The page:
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Conversing with Three Arab Imams

Three Islamic imams sat down next to me in the middle row of four seats across on a long nine-hour flight to Indonesia. They were well dressed in the typical Arabian Peninsula white garb. Their groomed beards indicated that they were moderate, not radical Muslims. From other conversations, they knew I was fluent in both Arabic and English, but initially they assumed that I was a Muslim.

Conversing with Three Arab Imams

They quickly shook hands with me and interacted with warmth and respect. All three of their names were derived from Mohammed, the name of their prophet. (I will refer to them from the older to the younger as M1, M2, and M3.)

They asked for my help to fill out their landing cards in English and to translate a conversation with the stewardess. I readily agreed. So, they became quite friendly and I silently prayed for the Lord’s wisdom and grace in relating to them.

Special Mission

Quickly, they volunteered that they were excited about their special mission—to take part in the opening of a small, new mosque. They made a point of asserting that they were travelling at their own expense. The three of them, together with other friends, sponsored the entire cost of the project— purchasing the land, building a mosque, and educating a local man for Islamic service in order to become the new mosque’s imam. They also volunteered that every year they sponsor a new similar project in one of the countries of the Far East.

In time, I learned that the three owned businesses and are quite well-to-do. They love to use their money to help needy Muslims in other countries. What surprised me was the fact that they were travelling in tourist class when they could afford the more comfortable business class.

People of the Book

In a friendly fashion M1, leading member of the three, probed to find out whether I was Sunni or Shiite. M2 and M3 listened intently. At that very moment the stewardess arrived to ask for our choices of free pre-meal drinks. And it was my chance to give a quick response to the question and open up a long discussion—I asked for a glass of red wine!

So they looked at each other, assuming that at best I could not be a practicing Muslim. I quickly said, “Please do not be offended, but I am neither Shiite nor Sunni; I am a Christian teacher of the Bible.”

Again, they looked at each other and there was a long silence. Then, M3 (age 32) said his father had indicated that in his business, the best workers were the Lebanese and other Christians. M1 (age 51) spoke again, this time agreeing with the youngest one that he respected Christians, adding, “according to the Koran, you are the people of the Book.”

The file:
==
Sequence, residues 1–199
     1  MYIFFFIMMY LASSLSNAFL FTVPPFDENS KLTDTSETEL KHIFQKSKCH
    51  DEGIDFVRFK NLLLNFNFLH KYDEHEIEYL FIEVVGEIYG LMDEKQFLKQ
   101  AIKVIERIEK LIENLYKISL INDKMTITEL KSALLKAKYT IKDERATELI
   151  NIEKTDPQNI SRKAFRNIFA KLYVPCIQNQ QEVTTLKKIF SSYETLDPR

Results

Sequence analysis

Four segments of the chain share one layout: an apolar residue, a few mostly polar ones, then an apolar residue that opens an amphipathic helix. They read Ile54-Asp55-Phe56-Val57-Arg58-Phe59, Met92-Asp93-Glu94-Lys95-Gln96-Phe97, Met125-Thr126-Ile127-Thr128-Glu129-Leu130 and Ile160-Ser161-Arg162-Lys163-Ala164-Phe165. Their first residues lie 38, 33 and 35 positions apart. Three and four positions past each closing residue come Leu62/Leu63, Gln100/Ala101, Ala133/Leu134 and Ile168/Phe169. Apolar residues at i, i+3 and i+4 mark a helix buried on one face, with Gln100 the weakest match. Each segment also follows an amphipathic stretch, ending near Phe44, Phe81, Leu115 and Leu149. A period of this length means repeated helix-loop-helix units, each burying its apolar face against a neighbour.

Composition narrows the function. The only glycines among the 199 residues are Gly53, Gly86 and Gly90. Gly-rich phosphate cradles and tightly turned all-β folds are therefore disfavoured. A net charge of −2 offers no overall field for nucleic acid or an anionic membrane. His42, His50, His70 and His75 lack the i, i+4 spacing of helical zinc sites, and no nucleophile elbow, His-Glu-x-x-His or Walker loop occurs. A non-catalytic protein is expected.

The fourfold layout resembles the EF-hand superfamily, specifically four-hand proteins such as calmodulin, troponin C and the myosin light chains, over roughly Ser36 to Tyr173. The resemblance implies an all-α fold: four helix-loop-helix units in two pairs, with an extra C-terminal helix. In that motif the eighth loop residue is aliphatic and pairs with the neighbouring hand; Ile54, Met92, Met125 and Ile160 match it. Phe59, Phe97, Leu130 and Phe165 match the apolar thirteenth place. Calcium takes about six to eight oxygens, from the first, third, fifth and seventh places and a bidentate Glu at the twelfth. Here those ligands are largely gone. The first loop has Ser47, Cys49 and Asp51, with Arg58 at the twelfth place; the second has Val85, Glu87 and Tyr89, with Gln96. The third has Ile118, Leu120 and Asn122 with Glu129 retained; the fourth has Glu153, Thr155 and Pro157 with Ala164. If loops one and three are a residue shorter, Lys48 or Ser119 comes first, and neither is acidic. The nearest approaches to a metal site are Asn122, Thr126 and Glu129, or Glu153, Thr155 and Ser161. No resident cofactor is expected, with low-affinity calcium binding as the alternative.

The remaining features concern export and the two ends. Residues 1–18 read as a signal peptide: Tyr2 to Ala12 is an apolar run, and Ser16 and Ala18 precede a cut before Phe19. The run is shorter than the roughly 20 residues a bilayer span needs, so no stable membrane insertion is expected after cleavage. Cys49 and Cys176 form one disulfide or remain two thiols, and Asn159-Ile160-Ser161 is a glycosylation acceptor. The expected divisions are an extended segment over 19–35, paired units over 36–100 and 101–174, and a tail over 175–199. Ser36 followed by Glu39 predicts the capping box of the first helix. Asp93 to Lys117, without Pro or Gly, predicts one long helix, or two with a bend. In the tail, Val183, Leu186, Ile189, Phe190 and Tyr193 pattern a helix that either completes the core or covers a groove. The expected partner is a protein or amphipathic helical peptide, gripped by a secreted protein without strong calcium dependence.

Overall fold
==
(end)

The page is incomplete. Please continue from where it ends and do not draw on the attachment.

We talked about families, and I learned that the oldest and the youngest had only one wife, but M2 (age 42) had four wives and, so far, 17 children.

M1 spoke again, this time saying that even though he respects Christians he could not agree with their belief about ‘Issa’ (Jesus). He could not understand how Christians attribute to ‘Allah Ta’ala’ (God Most Ascendant) the unimaginable—coming to earth in human nature! M2 added emphatically, but politely, “This is impossible.” The three again looked at each other and then gazed at me, wondering how I would react.

Who Is Allah?

Expressing agreement that Allah is indeed totally transcendent above all creation, I added that He is also the Almighty and perfectly holy. They happily agreed, eager to hear more. So I asked if they agreed that nothing is impossible to Almighty God. They quickly agreed. Expecting another positive, I asked if man is Allah’s most special creature on earth and the only one created in His image. Again, they agreed.

Then I asked them if Allah desires man’s loyalty and intimacy with Himself and whether He is able to accomplish whatever He desires. After a bit of silence and another exchange of looks among them, M1 expressed agreement and the others consented, all three gazing and wondering where I was going next.

At that moment, I asserted afresh that Allah is free and able to choose the way in which He would bring man to full submission and intimacy. Sensing that there was no objection, I added that the Torah and the Gospel, from beginning to end, speak of a divine plan to gradually work out Allah’s wish for intimacy with man. This included Allah’s use of His infinite power and wisdom to draw near to humanity in full human form in sinless Issa.

All Things are Possible with God

To this, M1 responded, “This is not what we believe and cannot be the case.” M3 interjected to say to M1, “but our friend is right that all things are possible to Allah.” M2 nodded in agreement and M3 looked sad, and all, including myself, kept silent until M1 spoke again.

This time he asked, “For how long have Christians had this belief?” I replied, “From the start they had to accept what God revealed to the prophets and the apostles which Issa al-Masih (Jesus the Christ) fulfilled.

Again, M1 said he would have to study this more. I gave him the link to MERF’s Arabic media site and encouraged them all to study the original inspired and preserved Scriptures. To my surprise, M3 consented and thanked me.

Please pray for these imams, and the many like them, to have opportunities to understand what the Bible really teaches.

Learn more about the work of MERF and its ministries through a variety of articles. These deal both with current work and the history of missions in the Middle East.


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